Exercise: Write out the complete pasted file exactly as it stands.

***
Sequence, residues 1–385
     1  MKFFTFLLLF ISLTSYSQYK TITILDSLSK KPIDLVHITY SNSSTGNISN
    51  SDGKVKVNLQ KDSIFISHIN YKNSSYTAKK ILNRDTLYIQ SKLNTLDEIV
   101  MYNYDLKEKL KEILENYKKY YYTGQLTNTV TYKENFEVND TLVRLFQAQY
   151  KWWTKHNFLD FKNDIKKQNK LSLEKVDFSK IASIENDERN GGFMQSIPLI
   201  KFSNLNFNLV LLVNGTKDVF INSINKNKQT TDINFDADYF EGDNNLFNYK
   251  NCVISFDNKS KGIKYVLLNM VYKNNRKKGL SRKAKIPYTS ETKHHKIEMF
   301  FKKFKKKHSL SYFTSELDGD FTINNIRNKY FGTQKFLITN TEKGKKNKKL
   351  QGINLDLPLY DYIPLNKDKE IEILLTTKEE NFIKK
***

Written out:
Sequence, residues 1–385
     1  MKFFTFLLLF ISLTSYSQYK TITILDSLSK KPIDLVHITY SNSSTGNISN
    51  SDGKVKVNLQ KDSIFISHIN YKNSSYTAKK ILNRDTLYIQ SKLNTLDEIV
   101  MYNYDLKEKL KEILENYKKY YYTGQLTNTV TYKENFEVND TLVRLFQAQY
   151  KWWTKHNFLD FKNDIKKQNK LSLEKVDFSK IASIENDERN GGFMQSIPLI
   201  KFSNLNFNLV LLVNGTKDVF INSINKNKQT TDINFDADYF EGDNNLFNYK
   251  NCVISFDNKS KGIKYVLLNM VYKNNRKKGL SRKAKIPYTS ETKHHKIEMF
   301  FKKFKKKHSL SYFTSELDGD FTINNIRNKY FGTQKFLITN TEKGKKNKKL
   351  QGINLDLPLY DYIPLNKDKE IEILLTTKEE NFIKK